Poor skills severely reduce a person’s chance of a better-paying and more-rewarding job, and have a major impact on how the benefits of economic growth are shared within societies. In countries where large shares of adults have poor skills, it is difficult to introduce productivity-enhancing technologies and new ways of working, which stalls improvements in living standards, according to a new OECD report.
The Greek economy is turning around lately, but it remains in a deep depression. GDP has fallen by more than a quarter between 2007 and 2015, unemployment remains extremely high at 25 percent and anchored poverty – which measures poverty relative to its pre-crisis income level – has nearly tripled between 2007 and 2014, reaching a third of the population.
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This note presents selected findings based on the set of well-being indicators published in How's Life? 2016.
The answer to the question "how's life?" depends on where you live. The factors that determine well-being can vary dramatically across the same country so national averages may not provide the full picture. See our regional indicators to see exactly how life is being lived.
Boosting investment in infrastructure and logistics, further liberalising the network industries, improving investment in human and knowledge-based capital to allow upgrading in the global value chains will be essential to enhance export performance.
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Between 2009 and 2013, public spending on health fell by EUR 5.2 billion – representing a 32% drop in real-terms. This reduction clearly represents a shock for the system to adsorb, even though it is clear that there were inefficiencies in the Greek system (for example, inappropriate prescribing, weak primary care, imbalances in the mix of health professionals).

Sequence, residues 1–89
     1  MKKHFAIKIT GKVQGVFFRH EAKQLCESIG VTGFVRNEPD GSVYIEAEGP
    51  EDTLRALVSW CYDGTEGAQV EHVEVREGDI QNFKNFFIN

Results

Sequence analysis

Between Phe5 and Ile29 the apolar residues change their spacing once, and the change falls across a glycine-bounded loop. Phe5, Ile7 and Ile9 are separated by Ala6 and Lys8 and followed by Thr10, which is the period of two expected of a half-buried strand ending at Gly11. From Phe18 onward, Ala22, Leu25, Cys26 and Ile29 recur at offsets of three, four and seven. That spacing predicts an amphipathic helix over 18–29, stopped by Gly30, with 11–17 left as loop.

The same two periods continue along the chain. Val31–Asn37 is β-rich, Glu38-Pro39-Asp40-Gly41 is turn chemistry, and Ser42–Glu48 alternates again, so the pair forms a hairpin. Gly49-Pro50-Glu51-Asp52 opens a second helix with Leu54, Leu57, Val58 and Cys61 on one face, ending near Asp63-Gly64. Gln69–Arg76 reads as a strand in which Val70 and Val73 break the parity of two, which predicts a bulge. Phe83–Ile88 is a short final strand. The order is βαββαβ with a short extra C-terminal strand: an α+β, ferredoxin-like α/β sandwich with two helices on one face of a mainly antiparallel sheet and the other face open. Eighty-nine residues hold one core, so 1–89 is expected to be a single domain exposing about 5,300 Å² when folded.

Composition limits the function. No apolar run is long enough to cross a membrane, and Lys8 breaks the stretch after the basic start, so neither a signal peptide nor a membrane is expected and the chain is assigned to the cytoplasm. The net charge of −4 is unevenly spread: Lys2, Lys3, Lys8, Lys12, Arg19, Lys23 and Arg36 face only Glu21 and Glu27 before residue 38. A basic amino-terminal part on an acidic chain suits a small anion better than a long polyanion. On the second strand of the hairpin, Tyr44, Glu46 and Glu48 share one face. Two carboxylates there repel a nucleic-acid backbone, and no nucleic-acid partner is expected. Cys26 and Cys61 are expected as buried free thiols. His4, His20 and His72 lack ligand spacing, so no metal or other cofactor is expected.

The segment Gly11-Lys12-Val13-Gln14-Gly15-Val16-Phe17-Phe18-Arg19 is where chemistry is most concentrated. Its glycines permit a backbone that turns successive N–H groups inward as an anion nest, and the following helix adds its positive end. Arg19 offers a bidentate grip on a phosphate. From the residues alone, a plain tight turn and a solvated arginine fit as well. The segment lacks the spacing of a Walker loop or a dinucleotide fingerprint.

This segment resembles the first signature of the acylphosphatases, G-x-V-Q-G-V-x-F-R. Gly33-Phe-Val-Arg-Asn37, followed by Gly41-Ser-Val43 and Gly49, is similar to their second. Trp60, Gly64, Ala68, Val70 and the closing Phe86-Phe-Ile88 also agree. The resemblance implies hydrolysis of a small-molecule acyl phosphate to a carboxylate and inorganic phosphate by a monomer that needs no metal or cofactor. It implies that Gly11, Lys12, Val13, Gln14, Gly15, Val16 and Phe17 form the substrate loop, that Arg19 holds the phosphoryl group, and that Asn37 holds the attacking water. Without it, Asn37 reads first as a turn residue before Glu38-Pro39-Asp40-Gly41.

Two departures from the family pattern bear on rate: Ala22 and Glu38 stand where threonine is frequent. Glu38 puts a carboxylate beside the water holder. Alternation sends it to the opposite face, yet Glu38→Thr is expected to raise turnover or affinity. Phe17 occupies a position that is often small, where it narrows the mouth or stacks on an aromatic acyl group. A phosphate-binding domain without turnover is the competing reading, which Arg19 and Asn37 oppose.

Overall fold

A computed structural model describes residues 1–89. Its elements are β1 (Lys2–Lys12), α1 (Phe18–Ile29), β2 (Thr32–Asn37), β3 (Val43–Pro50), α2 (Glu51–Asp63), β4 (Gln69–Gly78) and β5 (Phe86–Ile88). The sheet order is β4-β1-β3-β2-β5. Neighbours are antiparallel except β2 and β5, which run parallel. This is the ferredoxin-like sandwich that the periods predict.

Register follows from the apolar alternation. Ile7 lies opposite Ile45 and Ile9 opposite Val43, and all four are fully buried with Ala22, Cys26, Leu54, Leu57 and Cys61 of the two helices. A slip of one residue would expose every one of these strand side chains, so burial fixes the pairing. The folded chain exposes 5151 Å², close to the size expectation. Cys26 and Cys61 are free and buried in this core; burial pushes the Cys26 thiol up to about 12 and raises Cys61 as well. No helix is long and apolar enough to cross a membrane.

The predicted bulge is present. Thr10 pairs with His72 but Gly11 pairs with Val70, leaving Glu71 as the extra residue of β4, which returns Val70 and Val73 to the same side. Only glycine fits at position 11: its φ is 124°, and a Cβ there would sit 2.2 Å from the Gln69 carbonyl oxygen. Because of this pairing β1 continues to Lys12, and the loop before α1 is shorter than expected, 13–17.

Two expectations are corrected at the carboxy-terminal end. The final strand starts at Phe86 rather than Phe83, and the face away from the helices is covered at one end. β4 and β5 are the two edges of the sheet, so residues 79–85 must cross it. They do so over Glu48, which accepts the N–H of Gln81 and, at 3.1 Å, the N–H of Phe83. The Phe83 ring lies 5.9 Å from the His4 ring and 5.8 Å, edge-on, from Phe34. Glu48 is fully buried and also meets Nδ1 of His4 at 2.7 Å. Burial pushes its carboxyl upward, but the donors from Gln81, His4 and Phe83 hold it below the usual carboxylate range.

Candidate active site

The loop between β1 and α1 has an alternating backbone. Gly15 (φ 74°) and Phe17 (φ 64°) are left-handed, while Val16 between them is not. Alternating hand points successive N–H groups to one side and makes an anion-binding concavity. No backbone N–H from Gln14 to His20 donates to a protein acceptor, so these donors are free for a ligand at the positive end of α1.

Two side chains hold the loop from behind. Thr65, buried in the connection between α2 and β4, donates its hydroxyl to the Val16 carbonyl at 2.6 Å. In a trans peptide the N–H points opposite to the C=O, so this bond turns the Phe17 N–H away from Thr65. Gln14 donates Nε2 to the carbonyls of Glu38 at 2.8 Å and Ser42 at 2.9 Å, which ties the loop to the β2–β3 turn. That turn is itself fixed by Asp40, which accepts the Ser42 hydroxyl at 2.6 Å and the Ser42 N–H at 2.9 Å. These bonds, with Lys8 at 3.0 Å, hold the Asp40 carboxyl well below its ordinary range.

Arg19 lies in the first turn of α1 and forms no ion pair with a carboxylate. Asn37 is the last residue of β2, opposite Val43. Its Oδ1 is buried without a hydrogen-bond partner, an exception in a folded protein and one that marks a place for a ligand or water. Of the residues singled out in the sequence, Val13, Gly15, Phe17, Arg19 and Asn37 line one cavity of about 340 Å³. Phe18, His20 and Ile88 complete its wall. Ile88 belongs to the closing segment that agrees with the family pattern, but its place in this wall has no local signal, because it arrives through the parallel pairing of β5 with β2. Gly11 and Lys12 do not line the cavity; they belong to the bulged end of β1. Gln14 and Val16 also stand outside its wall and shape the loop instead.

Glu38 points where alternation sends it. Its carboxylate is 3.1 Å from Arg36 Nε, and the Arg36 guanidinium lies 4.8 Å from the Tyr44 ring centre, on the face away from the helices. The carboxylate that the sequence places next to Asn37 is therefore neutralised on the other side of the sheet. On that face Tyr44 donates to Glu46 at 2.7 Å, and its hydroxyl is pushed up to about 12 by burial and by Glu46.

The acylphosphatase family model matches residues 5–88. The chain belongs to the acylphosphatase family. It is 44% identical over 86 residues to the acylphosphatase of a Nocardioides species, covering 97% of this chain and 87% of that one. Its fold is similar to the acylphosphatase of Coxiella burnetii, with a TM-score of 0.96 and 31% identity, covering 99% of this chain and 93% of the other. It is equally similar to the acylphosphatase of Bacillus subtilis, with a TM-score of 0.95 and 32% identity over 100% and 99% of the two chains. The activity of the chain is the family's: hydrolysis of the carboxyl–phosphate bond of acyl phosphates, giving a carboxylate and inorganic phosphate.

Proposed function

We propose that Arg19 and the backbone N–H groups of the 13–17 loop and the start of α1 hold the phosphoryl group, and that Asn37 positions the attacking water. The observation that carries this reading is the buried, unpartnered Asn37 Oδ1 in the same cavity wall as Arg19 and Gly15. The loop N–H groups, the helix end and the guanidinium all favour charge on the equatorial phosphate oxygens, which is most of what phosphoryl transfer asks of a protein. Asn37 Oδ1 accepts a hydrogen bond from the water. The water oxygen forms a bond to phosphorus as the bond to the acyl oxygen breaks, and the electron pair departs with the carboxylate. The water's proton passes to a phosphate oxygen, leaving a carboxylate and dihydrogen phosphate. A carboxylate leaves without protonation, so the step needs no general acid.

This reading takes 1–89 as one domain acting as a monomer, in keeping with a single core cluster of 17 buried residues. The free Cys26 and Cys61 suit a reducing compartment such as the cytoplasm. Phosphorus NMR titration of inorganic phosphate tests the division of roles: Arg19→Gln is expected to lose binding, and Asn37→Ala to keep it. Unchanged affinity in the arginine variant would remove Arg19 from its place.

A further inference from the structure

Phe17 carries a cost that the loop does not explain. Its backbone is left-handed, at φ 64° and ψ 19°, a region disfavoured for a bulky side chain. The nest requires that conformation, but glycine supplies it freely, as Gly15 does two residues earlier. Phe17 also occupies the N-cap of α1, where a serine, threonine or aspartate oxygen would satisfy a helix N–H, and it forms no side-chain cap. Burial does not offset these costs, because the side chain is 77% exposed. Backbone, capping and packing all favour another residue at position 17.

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In the last 25 years Greece turned from an emigration to an immigration country. Today the country is faced with an unprecedented humanitarian crisis with the arrival of close to 950,000 people between January 2015 and February 2016.
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The state continues to exercise considerable influence on the Greek economy. According to the OECD’s Product Market Regulation indicator, Greece has one of the highest degrees of state control in the productive sectors across OECD countries.
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Public health spending in Greece fell by a third in real-terms between 2009 and 2013, with severe cuts across the board and changes to entitlement, benefits and user charges.
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PISA results show that Greece is not equipping its young people with the basic skills they need to compete in today’s world economy.